Academic journal article Reading Improvement

Strategies and Content Areas for Teaching English Language Learners

Academic journal article Reading Improvement

Strategies and Content Areas for Teaching English Language Learners

Article excerpt

Language and literacy education for students who are English language learners (ELLs) has become a topic of interest for many educators. However, educators often disagree on the best strategies for teaching ELLs. Six selected strategies and content areas for teaching ELLs are provided to include strategies for teaching specific skills, sample storybooks for building literacy skills, and so on. Assessment with a sample rubric to include language reduced proficiency is also provided.

Keywords: English language learners, strategies, content, assessment

Introduction

Language and literacy education for students who are English language learners (ELLs) has been well cited in the research as a current hot topic (Anthony, 2008). However, educators and other school professionals often disagree on the best way to teach ELLs. Moreover, programs to address the needs of ELLs vary greatly. The child's first experience with school, both positive and negative, has shown to have a lasting effect. Therefore, in order to meet the needs of ELLs, educators must provide the most conducive environment for learning as possible.

Getting Started

English language learners (ELLs) are one of the largest groups to struggle with literacy (Hickman, Pollard-Durodola, & Vaughn, 2004). Because of this, focus of instruction should be placed on the learner's ability to comprehend the lesson content and not on the learner's language proficiency (Myburgh, Poggenpoel, & Rensburg, 2004). Moreover, research has indicated that ELLs benefit from the same explicit, systematic instruction proven to be effective for native English speakers (Mathes, Pollard-Durodola, Cardenas-Hagen, Linan-Thompson, and Vaughn, 2007). Teachers of ELLs should employ strategies in their classrooms to benefit all of their students. See Table 1 for six strategies and content areas for teaching English language learners.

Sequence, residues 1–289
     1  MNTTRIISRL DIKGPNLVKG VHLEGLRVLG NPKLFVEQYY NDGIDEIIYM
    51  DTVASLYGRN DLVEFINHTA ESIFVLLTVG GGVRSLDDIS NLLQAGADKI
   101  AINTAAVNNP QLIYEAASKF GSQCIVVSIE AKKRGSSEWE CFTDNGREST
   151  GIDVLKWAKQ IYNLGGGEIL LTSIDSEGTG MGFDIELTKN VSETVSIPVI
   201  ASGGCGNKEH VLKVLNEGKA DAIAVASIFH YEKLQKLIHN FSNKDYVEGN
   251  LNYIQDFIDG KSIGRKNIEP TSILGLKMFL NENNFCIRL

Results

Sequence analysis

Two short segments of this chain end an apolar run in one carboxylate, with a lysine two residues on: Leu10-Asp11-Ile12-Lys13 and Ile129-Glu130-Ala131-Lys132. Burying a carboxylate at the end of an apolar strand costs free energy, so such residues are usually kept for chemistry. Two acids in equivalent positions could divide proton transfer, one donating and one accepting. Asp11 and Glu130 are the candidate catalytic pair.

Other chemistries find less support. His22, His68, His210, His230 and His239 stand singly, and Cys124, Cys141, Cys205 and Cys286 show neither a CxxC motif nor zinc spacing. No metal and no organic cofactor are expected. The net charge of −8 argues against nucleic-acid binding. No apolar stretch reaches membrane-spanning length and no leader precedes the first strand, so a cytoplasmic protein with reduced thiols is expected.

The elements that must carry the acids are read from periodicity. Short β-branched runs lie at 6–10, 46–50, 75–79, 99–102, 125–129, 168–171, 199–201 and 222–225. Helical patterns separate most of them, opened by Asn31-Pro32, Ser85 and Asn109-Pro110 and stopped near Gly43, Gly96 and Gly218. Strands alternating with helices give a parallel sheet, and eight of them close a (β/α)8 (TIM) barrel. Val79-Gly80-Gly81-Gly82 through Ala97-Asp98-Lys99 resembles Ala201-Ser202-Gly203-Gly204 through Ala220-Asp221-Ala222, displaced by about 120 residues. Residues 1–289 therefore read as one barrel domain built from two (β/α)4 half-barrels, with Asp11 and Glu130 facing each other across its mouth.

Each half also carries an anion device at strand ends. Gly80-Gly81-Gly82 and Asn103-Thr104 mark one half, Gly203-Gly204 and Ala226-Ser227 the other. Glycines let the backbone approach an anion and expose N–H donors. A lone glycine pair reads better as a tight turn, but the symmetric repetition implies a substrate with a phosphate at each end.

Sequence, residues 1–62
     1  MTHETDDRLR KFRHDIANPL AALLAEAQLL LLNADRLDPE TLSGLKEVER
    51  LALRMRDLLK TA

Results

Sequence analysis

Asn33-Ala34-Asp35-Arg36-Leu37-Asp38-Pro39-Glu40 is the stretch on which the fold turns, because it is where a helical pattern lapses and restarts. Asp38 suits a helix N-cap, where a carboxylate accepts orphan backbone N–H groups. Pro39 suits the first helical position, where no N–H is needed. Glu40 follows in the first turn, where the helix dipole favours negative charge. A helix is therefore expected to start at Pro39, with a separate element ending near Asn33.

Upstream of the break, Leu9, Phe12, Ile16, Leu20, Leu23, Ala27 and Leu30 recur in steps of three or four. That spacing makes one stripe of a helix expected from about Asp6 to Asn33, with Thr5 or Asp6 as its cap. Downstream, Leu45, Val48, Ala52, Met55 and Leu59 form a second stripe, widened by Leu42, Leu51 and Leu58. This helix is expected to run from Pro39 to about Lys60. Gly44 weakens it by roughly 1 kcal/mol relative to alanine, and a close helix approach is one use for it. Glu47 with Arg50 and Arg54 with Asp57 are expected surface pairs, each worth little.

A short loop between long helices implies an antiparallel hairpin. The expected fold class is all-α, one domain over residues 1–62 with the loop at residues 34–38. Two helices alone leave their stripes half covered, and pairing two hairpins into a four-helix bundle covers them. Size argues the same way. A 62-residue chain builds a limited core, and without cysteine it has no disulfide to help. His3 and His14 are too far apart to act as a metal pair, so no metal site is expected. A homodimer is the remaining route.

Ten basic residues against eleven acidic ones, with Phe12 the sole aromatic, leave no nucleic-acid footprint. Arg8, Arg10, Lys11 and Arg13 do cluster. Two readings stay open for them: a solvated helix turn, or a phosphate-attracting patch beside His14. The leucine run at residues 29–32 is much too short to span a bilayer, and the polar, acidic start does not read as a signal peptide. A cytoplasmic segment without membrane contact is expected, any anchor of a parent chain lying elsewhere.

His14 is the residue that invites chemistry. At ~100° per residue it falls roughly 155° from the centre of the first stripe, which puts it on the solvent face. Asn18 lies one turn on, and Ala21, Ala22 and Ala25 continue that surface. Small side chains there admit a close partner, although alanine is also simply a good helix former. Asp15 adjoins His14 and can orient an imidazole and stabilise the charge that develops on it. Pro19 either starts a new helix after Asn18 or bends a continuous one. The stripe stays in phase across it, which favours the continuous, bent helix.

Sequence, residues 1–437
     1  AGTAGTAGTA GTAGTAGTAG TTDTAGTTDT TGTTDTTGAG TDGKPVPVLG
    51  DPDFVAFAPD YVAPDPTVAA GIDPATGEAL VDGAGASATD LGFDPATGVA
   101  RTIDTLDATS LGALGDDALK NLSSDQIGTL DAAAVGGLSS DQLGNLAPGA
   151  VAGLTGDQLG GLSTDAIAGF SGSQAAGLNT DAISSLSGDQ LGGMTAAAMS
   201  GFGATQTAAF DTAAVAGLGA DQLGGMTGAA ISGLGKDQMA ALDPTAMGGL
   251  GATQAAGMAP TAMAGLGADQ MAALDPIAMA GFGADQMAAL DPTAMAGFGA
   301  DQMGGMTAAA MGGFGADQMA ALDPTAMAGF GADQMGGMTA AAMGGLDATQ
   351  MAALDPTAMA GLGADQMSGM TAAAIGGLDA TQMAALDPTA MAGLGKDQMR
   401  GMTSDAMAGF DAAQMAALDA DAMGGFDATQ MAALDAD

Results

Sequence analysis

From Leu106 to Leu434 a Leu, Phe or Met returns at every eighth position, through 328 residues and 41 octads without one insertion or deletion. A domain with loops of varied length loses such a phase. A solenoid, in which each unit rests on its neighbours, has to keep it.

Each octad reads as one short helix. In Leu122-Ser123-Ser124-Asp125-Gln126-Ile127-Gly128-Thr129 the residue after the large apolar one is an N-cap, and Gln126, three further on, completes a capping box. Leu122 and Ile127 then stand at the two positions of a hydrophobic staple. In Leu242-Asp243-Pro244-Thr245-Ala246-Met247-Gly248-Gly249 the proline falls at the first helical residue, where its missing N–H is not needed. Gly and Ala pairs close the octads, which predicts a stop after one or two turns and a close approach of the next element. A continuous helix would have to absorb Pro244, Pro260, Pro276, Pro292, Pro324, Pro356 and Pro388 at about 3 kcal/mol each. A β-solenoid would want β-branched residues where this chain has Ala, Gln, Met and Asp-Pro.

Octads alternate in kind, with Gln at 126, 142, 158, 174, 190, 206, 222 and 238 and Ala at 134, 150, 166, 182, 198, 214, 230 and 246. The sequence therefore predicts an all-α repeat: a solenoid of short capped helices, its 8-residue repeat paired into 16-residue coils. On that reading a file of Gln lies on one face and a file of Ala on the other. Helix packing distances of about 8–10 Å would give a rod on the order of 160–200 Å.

The Six Strategies and Content Areas

Drama and Movement

Incorporating physical experiences such as drama and movement in reading instruction has shown to be fun for children. For ELLs especially, drama and movement has been shown to help with decoding, fluency, and vocabulary (Sun, 2003). Moreover, good teaching pedagogy should not be limited strictly to reading instruction. Early childhood teachers often use play and drama for learning experiences as appropriate for that stage and age of development for various content areas (Royka, 2002).

Reig & Paquette (2009) suggested the use of games to aid ELLs in classroom instruction. For example, We're Movement Machines was a game to mimic machines in motion. Falling Rain Dance to imitate weather in movement was another such teaching and learning game. Another game, Strike up the Gadget Band, to explore sounds and actions of ordinary kitchen gadgets, was also shown to benefit learners, especially ELLs.

Math

Classroom teachers must employ strategies to help ELLs with basic mathematics concepts. Furthermore, mathematic concepts can be taught kinesthetically. An example would be for students to measure items using their body parts such as arms, legs, or hands. Math concepts such as rhythms and patterns can also be taught kinesthetically (Church, 2001). For example, teaching aides such as Counting 1 to 20 by Jack Hartman, Everything Has a Shape by Hap Palmer, and Shapes All Around Us by Music Movement & Magnetism were methods in which ELLs mastered mathematics concepts.

Music

In addition to movement strategies, music can also be used to motivate and stimulate ELLs who are struggling with language development (Abril, 2003). Basic music concepts can be taught through games such as Musical Follow the Leader. Another strategy to help ELLs learn through music were activities which actively engaged them with instruments, such as drums or Orff instruments.

Vocabulary for basic music concepts, as with other content areas, can be taught with hand signs or gestures (Abril, 2003). …

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